Were OkCupid’s and Facebook’s Experiments Unethical?

It’s been an interesting month for online social science experiments, between Facebook’s research into emotional contagion and now OkCupid’s study of perceived compatibility. The two experiments had very different objectives, but both companies learned the same lesson: People get really upset about studies like this.

Problem is, that’s the wrong lesson.

According to a multitude of critics, the companies stepped over an ethical line by playing with emotions without asking users’ permission. The Facebook study showed that users who see more negative content are more likely to produce negative posts of their own. And OkCupid found that telling people — falsely — that they’re compatible is a good way to get them to converse more online.

Why was there such an outcry? True, both companies were manipulating users’ emotions, but people don’t seem to mind the daily emotional manipulation that companies engage in every day through marketing and product design. It’s hard to imagine a world in which companies didn’t try to influence our emotions.

What bothers people is the experimentation. To many people, experiments conjure images of twisted scientists. Businesses even shy away from the word “experiment.” In a recent conversation with a group of managers, I was told, “We don’t run experiments; we run A/B tests” — so named because customers are tested on their preferences for option A or B. The word “experiment” apparently needed a euphemism.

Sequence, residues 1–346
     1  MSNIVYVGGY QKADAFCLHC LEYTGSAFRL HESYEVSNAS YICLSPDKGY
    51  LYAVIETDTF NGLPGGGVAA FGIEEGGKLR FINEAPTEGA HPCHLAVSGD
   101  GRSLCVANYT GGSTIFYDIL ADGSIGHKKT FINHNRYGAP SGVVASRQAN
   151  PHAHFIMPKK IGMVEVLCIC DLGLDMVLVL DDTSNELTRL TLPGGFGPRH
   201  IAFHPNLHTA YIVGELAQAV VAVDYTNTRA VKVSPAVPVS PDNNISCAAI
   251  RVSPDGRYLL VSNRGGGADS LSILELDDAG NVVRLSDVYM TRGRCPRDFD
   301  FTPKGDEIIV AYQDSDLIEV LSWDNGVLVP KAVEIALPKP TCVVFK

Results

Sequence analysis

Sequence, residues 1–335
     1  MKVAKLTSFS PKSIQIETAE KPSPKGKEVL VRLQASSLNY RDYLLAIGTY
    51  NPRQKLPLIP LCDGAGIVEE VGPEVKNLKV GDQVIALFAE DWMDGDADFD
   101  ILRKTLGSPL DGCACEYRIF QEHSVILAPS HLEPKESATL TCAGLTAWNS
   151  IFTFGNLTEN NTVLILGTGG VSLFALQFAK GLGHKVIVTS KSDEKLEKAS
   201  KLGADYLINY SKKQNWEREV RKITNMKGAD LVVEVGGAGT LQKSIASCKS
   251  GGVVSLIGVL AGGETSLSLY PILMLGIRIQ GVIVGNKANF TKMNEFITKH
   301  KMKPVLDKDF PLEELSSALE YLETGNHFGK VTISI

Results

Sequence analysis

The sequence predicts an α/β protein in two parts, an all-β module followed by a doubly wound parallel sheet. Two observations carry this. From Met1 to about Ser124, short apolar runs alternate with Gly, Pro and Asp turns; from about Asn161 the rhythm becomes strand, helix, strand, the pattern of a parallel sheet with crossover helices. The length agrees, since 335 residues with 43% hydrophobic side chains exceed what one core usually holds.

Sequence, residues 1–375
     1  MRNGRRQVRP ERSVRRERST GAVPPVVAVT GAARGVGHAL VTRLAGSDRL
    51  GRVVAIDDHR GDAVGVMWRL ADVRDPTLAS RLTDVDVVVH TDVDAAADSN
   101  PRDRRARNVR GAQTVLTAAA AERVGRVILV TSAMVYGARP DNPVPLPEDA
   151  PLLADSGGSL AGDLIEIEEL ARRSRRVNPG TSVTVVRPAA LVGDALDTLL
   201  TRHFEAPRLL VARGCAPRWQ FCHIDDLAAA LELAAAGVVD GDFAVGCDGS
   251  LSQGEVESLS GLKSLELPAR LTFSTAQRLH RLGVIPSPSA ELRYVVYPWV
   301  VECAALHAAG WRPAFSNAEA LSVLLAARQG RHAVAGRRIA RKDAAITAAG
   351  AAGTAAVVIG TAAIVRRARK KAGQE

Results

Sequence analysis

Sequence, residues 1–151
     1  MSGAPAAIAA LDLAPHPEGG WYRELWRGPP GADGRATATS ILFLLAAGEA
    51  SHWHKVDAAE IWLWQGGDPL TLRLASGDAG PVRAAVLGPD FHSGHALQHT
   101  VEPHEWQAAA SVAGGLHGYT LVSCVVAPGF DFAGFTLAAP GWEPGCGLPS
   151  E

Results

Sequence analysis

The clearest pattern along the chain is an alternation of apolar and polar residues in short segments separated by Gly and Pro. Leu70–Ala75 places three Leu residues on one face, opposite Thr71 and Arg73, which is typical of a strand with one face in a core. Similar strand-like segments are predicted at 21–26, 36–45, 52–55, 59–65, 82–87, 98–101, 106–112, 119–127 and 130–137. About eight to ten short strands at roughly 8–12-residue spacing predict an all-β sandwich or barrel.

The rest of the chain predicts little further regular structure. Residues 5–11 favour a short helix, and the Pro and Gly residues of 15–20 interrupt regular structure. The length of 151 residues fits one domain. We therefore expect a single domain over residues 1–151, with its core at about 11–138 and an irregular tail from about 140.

People fear that corporations have free rein to test whatever mad idea strikes them. Let’s make vegans fall in love with steak lovers! Let’s tell people they’ve been unfriended by their mothers! Where does it end? Will Facebook and OkCupid be in the next season of Orphan Black?

While Facebook and OkCupid won’t be creating clones anytime soon, there is a legitimate concern here. In academia, research involving human subjects is severely limited and carefully monitored. Each institution, in the U.S. at least, has an Institutional Review Board for just that purpose. Social science experiments typically must adhere to the following protocol: In lab settings, where subjects are recruited and brought into a room, research participants are informed that they’re taking part in an experiment (though in some fields, such as psychology, they’re routinely deceived about the experiment’s purpose).